1885 The Lancet  
the paper obtained remarkably clear illustration and confirmation. One point of great practical importance indicated by these graphic methods was that in deep narcosis the respiratory heavings of the thoracic walls may go on to all appearance perfectly, and yet absolutely no vapour enter or leave the chest. Dr. Murray considers this condition to be one of respiratory incoordination, the motor coordinating centre being affected, resulting in a " respiratory stammer," in which, although the
more » ... although the thoracic walls rise, there is no depression of the diaphragm, but a contraction of the abdominal muscles, which nullifies the effect of thoracic expansion. As a result of his experience in cases of suspended respiration from the use of chloroform, Dr. Murray strongly insists on the importance of withdrawing the chloroform vapour from the lungs before commencing to introduce pure air. lie advocates the introduction of a tracheal catheter in the human subject in such cases, and the removal by suction of as much of the vapour as possible before inducing artificial inspiration by the ordinary means. In rabbits he found that where this method was adopted resuscitation could be achieved even after a prolonged suspension of respiration, whereas were the ordinary means adopted, a successful issue was rarely attained.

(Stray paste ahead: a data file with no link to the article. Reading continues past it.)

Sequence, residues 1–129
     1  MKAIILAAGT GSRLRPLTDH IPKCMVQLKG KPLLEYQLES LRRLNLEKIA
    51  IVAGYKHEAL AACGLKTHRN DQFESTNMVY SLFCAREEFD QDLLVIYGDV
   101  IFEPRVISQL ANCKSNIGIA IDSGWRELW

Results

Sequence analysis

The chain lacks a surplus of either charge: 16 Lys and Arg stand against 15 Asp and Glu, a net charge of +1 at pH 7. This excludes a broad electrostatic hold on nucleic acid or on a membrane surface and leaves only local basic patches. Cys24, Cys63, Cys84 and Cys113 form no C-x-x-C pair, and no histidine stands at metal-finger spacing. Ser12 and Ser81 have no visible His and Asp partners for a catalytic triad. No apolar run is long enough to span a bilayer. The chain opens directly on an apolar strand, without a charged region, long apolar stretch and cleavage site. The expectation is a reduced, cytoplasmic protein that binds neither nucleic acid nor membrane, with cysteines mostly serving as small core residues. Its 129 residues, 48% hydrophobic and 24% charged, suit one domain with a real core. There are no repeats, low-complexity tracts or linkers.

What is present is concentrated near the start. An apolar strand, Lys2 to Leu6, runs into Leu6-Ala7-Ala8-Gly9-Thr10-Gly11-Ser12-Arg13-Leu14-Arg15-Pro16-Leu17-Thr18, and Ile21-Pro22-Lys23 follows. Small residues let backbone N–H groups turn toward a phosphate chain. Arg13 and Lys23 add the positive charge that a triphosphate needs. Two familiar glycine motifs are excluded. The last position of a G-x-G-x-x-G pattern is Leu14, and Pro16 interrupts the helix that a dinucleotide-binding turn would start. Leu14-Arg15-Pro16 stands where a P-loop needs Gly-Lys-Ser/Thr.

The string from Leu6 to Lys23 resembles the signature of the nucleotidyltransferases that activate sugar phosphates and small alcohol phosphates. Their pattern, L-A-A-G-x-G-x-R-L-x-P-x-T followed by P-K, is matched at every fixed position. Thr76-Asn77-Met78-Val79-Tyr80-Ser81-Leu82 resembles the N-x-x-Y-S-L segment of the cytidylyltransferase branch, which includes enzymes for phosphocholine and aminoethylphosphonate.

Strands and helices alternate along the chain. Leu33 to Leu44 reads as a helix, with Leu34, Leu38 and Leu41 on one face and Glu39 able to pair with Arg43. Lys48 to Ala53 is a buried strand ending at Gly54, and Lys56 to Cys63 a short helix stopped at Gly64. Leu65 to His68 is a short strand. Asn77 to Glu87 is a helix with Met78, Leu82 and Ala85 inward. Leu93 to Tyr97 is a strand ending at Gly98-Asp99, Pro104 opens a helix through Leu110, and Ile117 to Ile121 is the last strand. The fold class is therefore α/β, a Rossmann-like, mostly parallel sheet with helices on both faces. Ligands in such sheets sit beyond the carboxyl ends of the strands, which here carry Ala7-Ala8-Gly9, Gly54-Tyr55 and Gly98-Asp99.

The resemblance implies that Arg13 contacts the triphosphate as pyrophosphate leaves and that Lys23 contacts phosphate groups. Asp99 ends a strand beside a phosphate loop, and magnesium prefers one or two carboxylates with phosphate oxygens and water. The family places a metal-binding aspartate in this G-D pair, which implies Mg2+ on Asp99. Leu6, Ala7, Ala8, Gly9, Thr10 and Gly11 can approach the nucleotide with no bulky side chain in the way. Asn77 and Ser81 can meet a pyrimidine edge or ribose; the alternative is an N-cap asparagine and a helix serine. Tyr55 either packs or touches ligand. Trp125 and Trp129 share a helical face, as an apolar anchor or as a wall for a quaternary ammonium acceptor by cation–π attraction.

doi:10.1016/s0140-6736(02)22353-3 fatcat:2tmlpsvxwfgwdkmkomqrddutgy